AFL: 2013 Home & Away Season Wrap

Pick for Premiership: Geelong CatsGeelong just seem to know how to beat the best sides in the league. They have an 8-1 win-loss record against the top eight sides this year, having taken out Hawthorn (1st) and Sydney (4th) twice, and also thumping Fremantle (3rd) at home. Aside from Collingwood, their other 3 losses were to teams that can’t make the finals. After six years in the finals and three premierships, you get the feeling the Cats are the masters at winning games when the pressure is on. Though Chris Scott criticized his sides’ inability to play a consistent four quarters of football earlier this year, Geelong still won most of these matches through stirring comebacks, and they seem to have sorted their consistency issues out in recent weeks by thrashing St. Kilda and West Coast.Player-wise, they welcome back premiership forwards Chapman and Hawkins; Johnson, Christensen and Stokes have all become ball magnets at half forward; and Geelong has four skilled ruckmen at their disposal. In short, there’s not a lot of evidence out there that “The greatest team of all” won’t continue their legendary era with a fourth premiership in seven years.And of course, it’s an odd year, the last three of which the Cats have won the premiership. Coleman Medallist: Jarryd Roughead (Hawthorn Hawks)Hawthorn owes much of its supremacy in footy to the depth and talent of its forward line, and chief among these was Roughead. Though in previous years Lance Franklin took all the glory and goals up forward, a series of injuries and a form slump due to speculation over his contact meant Roughead had to step up, and he definitely did.In 2013, Roughead embodied the seemingly endless talent and dexterity of his Hawthorn side, playing as a second ruck-man, a tall midfielder, a crumbing forward pocket and a big marking forward leading out from the square. He frequently featured in the top three players of each match, and might be a smoky for Hawthorn’s Best and Fairest averaging 16 possessions, 2.4 hit-outs, 2.5 tackles, four marks and three goals a game.Roughead won the Coleman with 68 goals, one of the lowest tallies in 50 years. Older fans might pine for yesteryear when players had to kick more than twice that to win it, but Roughead’s win shows how a modern day forward’s main role is not to kick goals, but to apply pressure in the forward half and give the team every chance of kicking high scores. Brownlow Medal Pick: Ryan Griffen (Western Bulldogs)I’m not one for picking the favourites to win the Brownlow, mainly because these players come from great teams that have half a dozen other payers who can (and do) take votes off them. Hannebery (Sydney) has captain Jack, O’ Keefe and Josh Kennedy to compete with each week for best on ground, and while Ablett (Gold Coast) only slipped below his phenomenal standards in the last month of footy, he’ll still have the likes of Bennell, Prestia and O’Meara snapping at his heels for the three votes each week.Ryan Griffen has neither equally elite midfielders (with the exception of Adam Cooney), nor future champions to worry about at the Dogs. At 27, he is at the peak of his powers, with pack-busting run-and-carry and long-range goals his trademarks. His average a bang on 29 disposals, and 6 clearances and Inside 50s a game puts him well within the league’s elite midfielders. This consistency might mean, as well as polling three votes frequently he also pinches single votes in many of the club’s losses. An example is the 41 disposals he racked up against Sydney in Round 19, though the Dogs lost that match by 35 points.Thus, my tip is the Charlie heads to Whitten Oval for the first time since Cooney won it in 2008. Rising Star Pick: Jaeger O’Meara (Gold Coast Suns)Unlike the Brownlow, I’m definitely one for backing the favourite to win the Rising Star. The nineteen-year-old number one pick in the 2011 mini draft catches my eye especially for two reasons. The first is his obvious prowess on-field—of all 22 Rising Star nominees this year, O’Meara ranks first in Total Disposals, Goals, Handballs, Tackles, Clearances, Contested Possessions and Effective Disposals, and second in Total Inside 50s, Kicks, Disposals per Game and Total Time on Ground. Little wonder people are saying he’ll be the best player in the league in five years.The second is his match-readiness. Whereas many first year players and even Rising Star nominees take years to string together a season of games, O’Meara played every game of his first year in the AFL. He’s in good company; one of the last people to do that was Richmond’s Brett Deledio, who won the Rising Star in 2007 and is part of the reason Richmond went from the lower reaches of the ladder then to playing finals this year. On what we’ve seen so far, there is no reason to suggest Jaeger won’t take Gold Coast to similar — and perhaps even greater — heights in year to come. End of Year evaluation: The Bottom 109th – Essendon BombersEssendon had an amazing first five months of footy that belied their off-field issues, winning their first six games, beating Adelaide and Fremantle against the odds, thrashing Collingwood on ANZAC day, and hence in the running to finish top four at season’s end. Their on-field courage had the playing group held in high regard, while the rise of Jake Carlisle, Mike Hibberd and recruit Brendan Goddard in defence were also positive.But in the last month, it all fell apart: they lost four games in a row by an average of nearly 10 goals, sliding down the ladder as the merciless supplements scandal finally took its toll. A Round 22 last gasp win against Carlton reminded supporters of Essendon’s early season heroics, but while they finished 9th as part of their penalty for the supplements regime, they almost deserved the spot given their overall performance in season 2013. With a new CEO, chairman and coach, and with no first or second round draft picks over the next two years, the rebuilding of Essendon’s form and reputation starts now. 10th – North Melbourne KangaroosIf only. You could almost leave it at those two words to describe North’s season, where they frequently lost games they seemingly had won by quarter time. Five of their losses were by under a goal, meaning their average losing margin was only 13 points, while their average winning margin was 53. Rest assured, North Melbourne are a formidable outfit when on song, and they’ll be the best team not playing finals this year.North may also have trouble in future seasons should their young brigade not stand up and fill the shoes of their senior on-field leaders. Many times this year, the best tagger of the opposing team went to 35-year-old Brent Harvey. The club and its players have some consistency to strive for in the off-season, though they may take heart out of holding on to an early lead against Collingwood in the last round. While North might prefer to forget 2013, they’ll need to revisit it many times if they hope to develop into a finals playing side. 11th – Adelaide Crows“No Tippett, no problem”, the Adelaide faithful went in the 2012 off-season. But more of a burden to Adelaide than the loss of their key forward to Sydney was the weight of expectation. After missing out on the 2012 Grand Final by only five points in coach Brenton Sanderson’s first season, people had hopes of greater success for 2013. Instead, Adelaide proved themselves to be an inconsistent team in the absence of their big names. A loss to Essendon in Round 1 brought Grand Final predictions crashing down to earth, while the loss of power forward Walker to an ACL in Round 5 left a gaping wound in the Crows forward line which they never really plugged. Their best player Dangerfield also missed game time, but what really defined the disappointment of Adelaide’s season was narrow losses to top eight contenders Port and West Coast and a crippling 77-point defeat at the hands of Sydney (mercifully without Tippett). The Crow’s young squad of Crouch, Laird, Henderson, Brown and Kerridge need to improve quickly, while either, or both, Lynch and Jenkins need to find their feet up forward if Adelaide want to become more consistent in 2014. 12th – Brisbane LionsBrisbane can take about the same amount of positives and negatives out of season 2013. They let all the promise that came with winning the pre-season slip away after being crippled by the Dogs in Round 1; though a comeback win from 52 points down against Geelong in Round 13 showed just how valiant a side they can be (they almost beat them again in the last round). The sacking of coach Michael Voss and uncertainty around captain Jonathan Brown’s playing future were also issues for the club, but the development of big-bodied midfielders Redden, Hanley and Rockliff brought with them good signs for the future. Brisbane broke even in 2013, and it’s hard to predict whether they’ll go backwards or forwards next year. 13th – West Coast EaglesIt’s rather fitting that Adelaide and West Coast finished next to one another in the final league ladder; both had such great seasons last year and brought so much promise into 2013, and both delivered disappointing results. Despite one of the most potent forward lines in the comp — boasting Darling, Kennedy and LeCras — a poor record at home (winning only 3 of 12 matches) and a lack of intensity when playing against the best teams in the league brought West Coast undone.Essendon was the only team in the top eight they beat in 2013, and this was during the Bomber’s run of four games lost by over 7 goals when the drugs scandal took its toll. This was followed by their lowest score at home against the Cats, followed by their lowest score at the MCG against Collingwood and their ninth loss from 12 home matches to Adelaide in the final round—three matches which pretty much reflect the uninspiring nature of West Coast’s play all year. Coach John Worsfold says he wants to stay on next year, but maybe the Eagles would benefit from a change of face in 2014. 14th – Gold Coast SunsEasily the side with the most ahead of them out of all the 10 clubs here, Gold Coast went from being a cellar dweller last year to an outside finals contender by the middle of this season. Such credibility was achieved by frequently beating sides lower than them on the ladder (Western Bulldogs, St. Kilda, Melbourne) and also finals contenders (North Melbourne, Collingwood). Captain Gary Ablett junior remained the best in the league and young guns O’Meara, Bennell, Prestia and Hall began their maturation into superstars, but more encouraging was the Sun’s newfound ability to link up and play as a team and maintain their effort for a full four quarters. Suffice to say, the task of 20,000 members and a premiership by 2015 which Gold Coast set themselves in November last year is looking far more realistic 10 months on. 15th – Western Bulldogs Though they still got comprehensibly beaten by most sides, 2013 was the first season in many that suggested the Dogs have a bright future. While old Dogs Griffen, Boyd, Cooney and Minson were as impressive as ever, it was the new crop of talent including Dalhaus, Liberatore, Wallis and Grant that will give the Dogs’ faithful something to cheer about. In fact it already has: starting with a win over St. Kilda in Round 9 (only their second win over this side in 20 encounters) the plucky Dogs beat finals hopefuls Port, West Coast, Adelaide and Carlton, showing the same promise as they did with a thumping Round 1 win against pre-season premiers Brisbane. Coach Brendan McCartney was earmarked as a good developer of youngsters when appointed in 2011, and this year I think we finally saw the proof of that. 16th – St. Kilda SaintsSt. Kilda are well and truly on the decline following three grand finals in two years over 2009-10, a combination of their star players knowing they missed their opportunity at ultimate glory and their youngsters getting little game time until recently. As the stars that made up the core of this once successful Saints retire over this year and the next few, the development of the team’s younger players is crucial.The development of Jack Steven into a ball magnet and club champion Lenny Hayes committing for another year were some of the few positives for the Saints this year. They’ll need to be smart and shrewd in trading and at the draft in the off-season, with a big-bodied defender and some experienced midfielders their top priorities. Without this long-term vision, they may well be adding a few more Wooden Spoons to the twenty-six they’ve already accumulated in their VFL/AFL history.  17th – Melbourne DemonsWe’ll remember 2013 as the year Melbourne hit rock bottom and just kept on digging. The league’s oldest club endured the same media scrutiny and controversy as Essendon without any of the success. The coach, CEO and chairman were either sacked or stepped down throughout the year, while the ghastly on-field form of the club that bears this city’s name sparked calls for the AFL to intervene in its rebuild. From Round 1 it was clear the addition of experienced players to the Melbourne list wouldn’t change the club’s poor accountability for on-field woes. So frequent and unrelenting were the massive losses, in fact, the club seemed to downgrade success from actually winning matches to “honourably losing”. It’s a sign of the low morale and lack of hunger for the contest that now seems endemic at the club. Melbourne need nothing short of a miracle to progress beyond their darkest period of their 155 year history, and I would argue their 2013 is the worst season of football we’ve seen by any team this century. 18th (Wooden Spooners) – Greater Western Sydney GiantsAside from the stratospheric rise of full forward Jeremy Cameron — now with 91 goals from his 37 games — GWS have next to no positives to take out of their second season at AFL level. They fared worse than their first season last year; winning only one match (against Melbourne) while suffering an average losing margin of over 10 goals and — like Melbourne — redefined success to remaining competitive rather than actually winning matches. Coach-in-waiting Leon Cameron will no doubt have his work cut out when he takes over from Kevin Sheedy next year, coaching a team that’s won only three games, failing to make an impression in the soccer and rugby heartland of Australia.Perhaps GWS can take hope from fellow expansion club Gold Coast, with their breakout third season this year after struggling in their Alexander Darling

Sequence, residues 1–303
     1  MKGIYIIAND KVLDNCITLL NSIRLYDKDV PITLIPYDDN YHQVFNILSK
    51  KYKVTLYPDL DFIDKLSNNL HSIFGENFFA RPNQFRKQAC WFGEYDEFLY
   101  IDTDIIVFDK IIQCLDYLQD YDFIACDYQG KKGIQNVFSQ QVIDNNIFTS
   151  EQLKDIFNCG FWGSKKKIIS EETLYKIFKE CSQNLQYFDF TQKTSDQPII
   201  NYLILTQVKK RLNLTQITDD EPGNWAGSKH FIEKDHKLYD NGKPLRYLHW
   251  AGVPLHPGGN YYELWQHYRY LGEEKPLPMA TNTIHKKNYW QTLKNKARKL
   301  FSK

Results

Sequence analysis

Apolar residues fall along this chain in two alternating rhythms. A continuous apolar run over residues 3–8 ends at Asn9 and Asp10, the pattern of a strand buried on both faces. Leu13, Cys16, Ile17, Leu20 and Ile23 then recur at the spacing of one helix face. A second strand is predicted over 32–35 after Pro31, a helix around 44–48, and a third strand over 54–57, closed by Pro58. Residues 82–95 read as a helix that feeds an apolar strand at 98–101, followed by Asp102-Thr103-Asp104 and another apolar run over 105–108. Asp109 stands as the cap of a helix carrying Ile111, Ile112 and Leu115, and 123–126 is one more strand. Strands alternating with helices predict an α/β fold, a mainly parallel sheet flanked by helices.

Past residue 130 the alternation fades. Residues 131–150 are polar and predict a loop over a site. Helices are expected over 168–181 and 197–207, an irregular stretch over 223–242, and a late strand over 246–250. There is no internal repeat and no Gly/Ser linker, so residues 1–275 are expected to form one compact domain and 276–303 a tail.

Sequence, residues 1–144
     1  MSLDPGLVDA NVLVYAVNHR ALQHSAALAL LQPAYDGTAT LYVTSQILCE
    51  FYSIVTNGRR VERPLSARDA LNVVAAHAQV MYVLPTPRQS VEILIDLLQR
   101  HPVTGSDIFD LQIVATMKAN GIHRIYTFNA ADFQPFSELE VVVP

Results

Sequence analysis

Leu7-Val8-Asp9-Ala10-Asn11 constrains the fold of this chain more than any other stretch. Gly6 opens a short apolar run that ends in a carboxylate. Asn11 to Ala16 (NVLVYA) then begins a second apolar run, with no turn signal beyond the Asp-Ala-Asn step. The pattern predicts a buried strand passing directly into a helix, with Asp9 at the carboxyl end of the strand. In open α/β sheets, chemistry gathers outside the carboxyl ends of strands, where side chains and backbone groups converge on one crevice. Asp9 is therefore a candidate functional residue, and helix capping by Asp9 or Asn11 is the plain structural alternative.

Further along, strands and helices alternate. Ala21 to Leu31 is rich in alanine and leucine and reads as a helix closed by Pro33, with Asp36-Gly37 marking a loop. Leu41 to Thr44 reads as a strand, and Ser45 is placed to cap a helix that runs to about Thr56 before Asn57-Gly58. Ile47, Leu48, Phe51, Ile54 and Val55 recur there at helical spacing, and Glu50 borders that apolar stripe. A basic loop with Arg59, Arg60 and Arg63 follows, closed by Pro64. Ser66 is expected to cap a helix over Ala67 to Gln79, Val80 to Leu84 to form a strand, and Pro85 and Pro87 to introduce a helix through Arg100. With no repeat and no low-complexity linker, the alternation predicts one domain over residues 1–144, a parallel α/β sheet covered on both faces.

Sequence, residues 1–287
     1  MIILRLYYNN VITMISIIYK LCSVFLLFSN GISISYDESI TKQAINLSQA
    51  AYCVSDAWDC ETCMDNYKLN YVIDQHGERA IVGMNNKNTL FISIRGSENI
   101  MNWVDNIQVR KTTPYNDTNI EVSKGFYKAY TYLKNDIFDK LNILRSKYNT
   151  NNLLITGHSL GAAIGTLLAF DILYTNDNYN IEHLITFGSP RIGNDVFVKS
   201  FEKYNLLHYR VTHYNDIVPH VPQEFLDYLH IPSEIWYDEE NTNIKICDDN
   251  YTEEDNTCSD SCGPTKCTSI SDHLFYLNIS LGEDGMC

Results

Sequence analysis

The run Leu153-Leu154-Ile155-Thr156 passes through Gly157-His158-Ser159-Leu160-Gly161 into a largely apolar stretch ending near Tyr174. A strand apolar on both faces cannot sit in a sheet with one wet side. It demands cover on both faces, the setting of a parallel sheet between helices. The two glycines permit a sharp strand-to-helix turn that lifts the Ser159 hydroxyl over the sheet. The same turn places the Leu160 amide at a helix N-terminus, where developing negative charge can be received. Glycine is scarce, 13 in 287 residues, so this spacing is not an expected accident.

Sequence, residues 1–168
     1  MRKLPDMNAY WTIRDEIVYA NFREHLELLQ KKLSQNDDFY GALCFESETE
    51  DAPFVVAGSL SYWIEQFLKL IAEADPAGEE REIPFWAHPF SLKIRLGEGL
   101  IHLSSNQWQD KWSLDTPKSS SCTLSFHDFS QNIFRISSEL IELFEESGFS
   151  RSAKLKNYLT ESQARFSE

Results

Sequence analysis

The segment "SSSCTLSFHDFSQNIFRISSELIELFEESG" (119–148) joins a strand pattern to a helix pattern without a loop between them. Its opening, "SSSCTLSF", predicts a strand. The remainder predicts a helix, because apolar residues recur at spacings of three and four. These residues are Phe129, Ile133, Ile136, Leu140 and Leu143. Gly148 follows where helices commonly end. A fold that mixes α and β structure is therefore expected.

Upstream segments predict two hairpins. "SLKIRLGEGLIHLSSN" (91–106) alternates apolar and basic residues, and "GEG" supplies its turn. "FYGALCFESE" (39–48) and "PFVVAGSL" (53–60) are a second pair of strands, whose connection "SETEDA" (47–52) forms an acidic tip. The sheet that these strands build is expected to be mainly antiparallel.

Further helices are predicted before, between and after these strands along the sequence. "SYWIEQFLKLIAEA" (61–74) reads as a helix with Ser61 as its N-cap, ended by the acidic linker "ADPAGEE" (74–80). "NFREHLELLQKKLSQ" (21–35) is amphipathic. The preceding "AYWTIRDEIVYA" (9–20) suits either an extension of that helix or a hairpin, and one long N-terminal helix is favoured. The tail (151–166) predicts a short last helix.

September 3rd 2013